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Criminal Justice

The Relationship Between Criminal Justice and Information

What do research and information analysis have to do with policing? What about information literacy?

We are constantly gathering information from the world around us, without even realizing we're doing it. When we investigate and explore information we are doing research. When we take that information and analyze and organize it, it becomes knowledge. We then use the knowledge and our experience to problem solve or to learn more. 

Like competency in any field or subject, information literacy requires being familiar with all of the aspects of information gathering and use. Characteristics of information literacy are knowing how much information you need to collect, how to find information most effectively, how to analyze information, and how to use information responsibly and ethically (be sure to cite your sources properly!) in a broader context.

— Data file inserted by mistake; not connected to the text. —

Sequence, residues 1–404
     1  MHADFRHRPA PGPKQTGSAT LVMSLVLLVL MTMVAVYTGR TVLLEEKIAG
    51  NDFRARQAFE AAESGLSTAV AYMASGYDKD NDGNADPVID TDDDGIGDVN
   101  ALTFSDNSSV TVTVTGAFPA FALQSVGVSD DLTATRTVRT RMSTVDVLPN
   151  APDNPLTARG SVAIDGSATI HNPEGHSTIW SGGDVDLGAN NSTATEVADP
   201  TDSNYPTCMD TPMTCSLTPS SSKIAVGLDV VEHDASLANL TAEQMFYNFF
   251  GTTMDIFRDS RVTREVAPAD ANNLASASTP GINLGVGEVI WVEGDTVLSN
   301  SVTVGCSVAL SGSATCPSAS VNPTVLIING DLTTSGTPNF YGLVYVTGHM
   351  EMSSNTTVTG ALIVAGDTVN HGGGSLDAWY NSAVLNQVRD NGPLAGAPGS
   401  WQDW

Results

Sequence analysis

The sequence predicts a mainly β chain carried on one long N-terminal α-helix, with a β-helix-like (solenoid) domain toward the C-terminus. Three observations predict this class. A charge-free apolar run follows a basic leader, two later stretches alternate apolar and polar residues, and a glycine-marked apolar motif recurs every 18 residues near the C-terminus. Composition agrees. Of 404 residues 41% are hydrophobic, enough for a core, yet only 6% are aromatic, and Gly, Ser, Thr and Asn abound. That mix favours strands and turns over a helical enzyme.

Whether you plan to become a police officer or to work in a related field, it's important that you become familiar with research and information analysis, and that you develop your information literacy skills. "Today, most law enforcement administrators strive to use (evidence)-based strategies to prevent and respond to crime and disorder" (Blevins, 2013). Evidence-based or quantitative information, in combination with experiential knowledge or qualitative information, are important in the field of criminal justice. Best-practices and best results are built on this paradigm.  

References

Blevins, K. (2013). The importance of research and analysis in policing. Retrieved from https://plsonline.eku.edu/insidelook/importance-research-and-analysis-policing

Information literacy competency standards for higher education [PDF file]. (2000). Retrieved from

https://alair.ala.org/bitstream/handle/11213/7668/ACRL%20Information%20Literacy%20Competency%20Standards%20for%20Higher%20Education.pdf?sequence=1&isAllowed=y​